Guest Blog: Update from the New NYU/ABT Ballet Pedagogy Program

In January, we observed 60 hours of classes at American Ballet Theatre’s Jacqueline Kennedy Onassis School. The idea was to see how the instructors used ABT's new teaching curriculum, and to note movement progression and class structure and themes.

The teachers were extremely precise in their demonstration of combinations, with an emphasis on accents, use of turnout and track of arms. There was no hemming or hawing about counts or about what was expected from the students. The students’ muscles and movement were being almost systematically trained – one could equate it to a sculptor carving out a work of art from a mound of clay. The exercises worked at chiseling specific muscle memories and movement qualities that were then built upon and honed as each level progressed.

There are three programs: Ballet for the Young Dancer for ages 5–10, the JKO school for students ages 12–18 and the ABT II studio company. Regardless of level, instructors made comments about looking beautiful, or performing or presenting the combinations. I particularly enjoyed the use of imagery and the way certain teachers made corrections:

  • “You are on balance because the music told you that you are on balance.” (level 7 women’s class)
  • “When you lift, the third turn (pirouette) happens. Do two on balance with an extra spot.” (Level 6)
  • “When are you going to practice being on stage? When you’re on stage? It’s too late.” (Level 7 modern)
  • “Your heels are kissing together.” (Explaining first position in Ballet for the Young Dancer class.)
  • “It’s like a beautiful package when you present yourself. You want to see the beautiful wrapping. Not the Scotch tape that holds it together.” (Level 7)
  • “It’s not a balance if you’re holding on to the barre.” (ABT II/ABT combined company class)
  • “Kiss the knees.” (Cambre forward, levels 5 & 6)
  • “Fifth is magic. From there, you can do anything.” (ABT II)
  • “Think of having a hot, delicious cup of hot chocolate on your shoulder. Don’t spill it!” (Ballet for the Young Dancer class)
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Photo by Yvonne M. Portra, courtesy Faulkner

It's a Wednesday in May, and 14 Stanford University advanced modern ­dance students are logged on to Zoom, each practicing a socially distanced duet with an imaginary person. "Think about the quality of their personality and the type of duet you might have," says their instructor Katie Faulkner, "but also their surface area and how you'd relate to them in space." Amid dorm rooms, living rooms, dining rooms and backyards, the dancers make do with cramped quarters and dodge furniture as they twist, curve, stretch and intertwine with their imaginary partners.

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Securing the correct music licensing for your studio is an important step in creating a financially sound business. "Music licensing is something studio owners seem to either embrace or ignore completely," says Clint Salter, CEO and founder of the Dance Studio Owners Association. While it may seem like it's a situation in which it's easier to ask for forgiveness rather than permission—that is, to wait until you're approached by a music-rights organization before purchasing a license—Salter disagrees, citing Peloton, the exercise company that produces streaming at-home workouts. In February, Peloton settled a music-licensing suit with the National Music Publishers' Association out-of-court for an undisclosed amount. Originally, NMPA had sought $300 million in damages from Peloton. "It can get extremely expensive," says Salter. "It's not worth it for a studio to get caught up in that."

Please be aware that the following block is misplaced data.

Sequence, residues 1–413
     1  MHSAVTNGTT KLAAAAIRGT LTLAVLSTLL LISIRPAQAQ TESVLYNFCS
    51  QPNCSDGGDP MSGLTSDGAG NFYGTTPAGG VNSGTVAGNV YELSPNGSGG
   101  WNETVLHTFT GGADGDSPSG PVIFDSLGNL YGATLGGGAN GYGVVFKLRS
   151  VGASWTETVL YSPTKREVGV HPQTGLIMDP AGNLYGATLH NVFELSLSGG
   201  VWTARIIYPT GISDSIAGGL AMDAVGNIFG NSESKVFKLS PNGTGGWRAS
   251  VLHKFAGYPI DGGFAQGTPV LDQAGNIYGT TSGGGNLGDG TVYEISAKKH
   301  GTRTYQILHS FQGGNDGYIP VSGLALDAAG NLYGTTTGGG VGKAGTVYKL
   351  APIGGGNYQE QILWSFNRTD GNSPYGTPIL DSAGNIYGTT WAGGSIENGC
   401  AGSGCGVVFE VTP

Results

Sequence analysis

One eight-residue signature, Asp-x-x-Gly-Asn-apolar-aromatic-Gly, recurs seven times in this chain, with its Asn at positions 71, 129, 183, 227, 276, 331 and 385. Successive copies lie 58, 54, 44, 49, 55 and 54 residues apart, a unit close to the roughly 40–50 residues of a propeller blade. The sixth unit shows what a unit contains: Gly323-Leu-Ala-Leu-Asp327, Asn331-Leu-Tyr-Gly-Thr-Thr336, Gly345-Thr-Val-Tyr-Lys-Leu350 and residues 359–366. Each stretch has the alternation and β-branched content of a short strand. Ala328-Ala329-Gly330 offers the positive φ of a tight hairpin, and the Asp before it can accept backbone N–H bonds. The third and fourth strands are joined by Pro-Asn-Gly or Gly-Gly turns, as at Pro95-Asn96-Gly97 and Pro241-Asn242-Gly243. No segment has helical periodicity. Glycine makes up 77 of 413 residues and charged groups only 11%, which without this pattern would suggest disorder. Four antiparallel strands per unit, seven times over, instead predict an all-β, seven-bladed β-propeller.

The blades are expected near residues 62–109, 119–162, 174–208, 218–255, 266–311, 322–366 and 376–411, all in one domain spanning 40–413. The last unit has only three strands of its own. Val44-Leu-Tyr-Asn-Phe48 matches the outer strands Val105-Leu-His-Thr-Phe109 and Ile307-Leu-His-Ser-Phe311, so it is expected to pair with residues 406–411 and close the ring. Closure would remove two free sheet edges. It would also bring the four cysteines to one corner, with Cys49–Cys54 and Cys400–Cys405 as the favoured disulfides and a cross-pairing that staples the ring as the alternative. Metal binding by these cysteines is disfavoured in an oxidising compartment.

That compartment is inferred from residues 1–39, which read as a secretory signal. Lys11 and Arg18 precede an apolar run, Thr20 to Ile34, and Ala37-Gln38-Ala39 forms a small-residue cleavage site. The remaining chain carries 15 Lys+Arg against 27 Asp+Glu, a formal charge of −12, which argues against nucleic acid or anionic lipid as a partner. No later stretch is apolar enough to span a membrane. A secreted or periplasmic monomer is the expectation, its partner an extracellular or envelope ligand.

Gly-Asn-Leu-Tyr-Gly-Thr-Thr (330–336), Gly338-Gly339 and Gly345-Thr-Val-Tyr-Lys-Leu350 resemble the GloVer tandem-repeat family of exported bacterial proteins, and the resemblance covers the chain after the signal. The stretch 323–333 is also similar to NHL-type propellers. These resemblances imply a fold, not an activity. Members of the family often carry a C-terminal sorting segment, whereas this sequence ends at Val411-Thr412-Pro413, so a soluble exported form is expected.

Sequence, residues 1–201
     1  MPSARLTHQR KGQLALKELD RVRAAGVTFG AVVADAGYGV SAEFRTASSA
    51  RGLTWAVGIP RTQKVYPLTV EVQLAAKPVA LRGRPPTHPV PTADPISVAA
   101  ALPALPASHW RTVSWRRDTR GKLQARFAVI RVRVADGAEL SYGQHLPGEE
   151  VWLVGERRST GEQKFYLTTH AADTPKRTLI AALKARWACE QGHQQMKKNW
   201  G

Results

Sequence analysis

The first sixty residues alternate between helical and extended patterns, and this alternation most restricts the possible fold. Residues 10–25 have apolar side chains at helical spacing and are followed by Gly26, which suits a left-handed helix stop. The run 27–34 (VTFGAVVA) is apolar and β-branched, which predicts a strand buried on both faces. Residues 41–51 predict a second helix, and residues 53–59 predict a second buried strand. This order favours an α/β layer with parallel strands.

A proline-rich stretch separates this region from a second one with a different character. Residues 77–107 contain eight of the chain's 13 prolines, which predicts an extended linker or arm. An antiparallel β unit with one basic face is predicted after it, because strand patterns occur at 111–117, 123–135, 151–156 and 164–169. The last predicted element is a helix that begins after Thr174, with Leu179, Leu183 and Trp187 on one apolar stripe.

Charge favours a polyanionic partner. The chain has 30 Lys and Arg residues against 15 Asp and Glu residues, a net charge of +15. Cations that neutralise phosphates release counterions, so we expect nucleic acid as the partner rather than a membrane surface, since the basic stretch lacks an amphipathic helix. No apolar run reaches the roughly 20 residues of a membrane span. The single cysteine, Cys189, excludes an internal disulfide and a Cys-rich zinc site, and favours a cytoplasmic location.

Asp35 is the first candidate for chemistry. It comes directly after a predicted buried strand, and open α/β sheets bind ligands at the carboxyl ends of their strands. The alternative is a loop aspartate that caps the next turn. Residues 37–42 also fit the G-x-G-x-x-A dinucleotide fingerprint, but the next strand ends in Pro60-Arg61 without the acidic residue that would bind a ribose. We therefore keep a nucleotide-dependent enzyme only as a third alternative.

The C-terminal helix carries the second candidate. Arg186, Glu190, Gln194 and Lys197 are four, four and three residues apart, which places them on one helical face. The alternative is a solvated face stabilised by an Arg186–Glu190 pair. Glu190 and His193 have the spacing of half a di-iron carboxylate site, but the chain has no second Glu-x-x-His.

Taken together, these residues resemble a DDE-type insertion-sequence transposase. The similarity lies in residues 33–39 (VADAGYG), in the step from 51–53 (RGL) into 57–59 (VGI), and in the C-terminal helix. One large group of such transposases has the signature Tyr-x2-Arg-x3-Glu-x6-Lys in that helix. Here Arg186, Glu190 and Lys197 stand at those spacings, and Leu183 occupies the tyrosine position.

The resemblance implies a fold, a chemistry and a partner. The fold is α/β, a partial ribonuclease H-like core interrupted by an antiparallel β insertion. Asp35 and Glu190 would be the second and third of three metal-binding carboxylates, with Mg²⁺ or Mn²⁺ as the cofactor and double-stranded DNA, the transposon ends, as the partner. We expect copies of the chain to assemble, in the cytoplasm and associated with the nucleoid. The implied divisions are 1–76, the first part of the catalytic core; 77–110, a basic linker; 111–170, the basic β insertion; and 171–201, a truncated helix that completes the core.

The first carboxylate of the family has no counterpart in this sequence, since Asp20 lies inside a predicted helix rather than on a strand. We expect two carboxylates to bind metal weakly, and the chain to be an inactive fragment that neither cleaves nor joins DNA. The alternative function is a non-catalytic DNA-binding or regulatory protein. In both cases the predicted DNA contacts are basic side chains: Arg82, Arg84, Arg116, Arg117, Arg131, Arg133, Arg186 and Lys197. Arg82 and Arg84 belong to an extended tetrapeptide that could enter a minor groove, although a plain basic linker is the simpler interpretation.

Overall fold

As you continue to explore a hybrid online/in-person version of your class schedule, it's crucial that your music licenses include coverage for livestreamed instruction—which comes with its own particular requirements. Here are some answers to frequently asked questions about music licensing—in both normal times and COVID times—as well as some safe music bets that won't pose any issues.

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A 2019 Dancewave training. Photo by Effy Grey, courtesy Dancewave

By now, most dance educators hopefully understand that they have a responsibility to address racism in the studio. But knowing that you need to be actively cultivating racial equity isn't the same thing as knowing how to do so.

Of course, there's no easy answer, and no perfect approach. As social justice advocate David King emphasized at a recent interactive webinar, "Cultivating Racial Equity in the Classroom," this work is never-ending. The event, hosted by Dancewave (which just launched a new racial-equity curriculum) was a good starting point, though, and offered some helpful takeaways for dance educators committed to racial justice.

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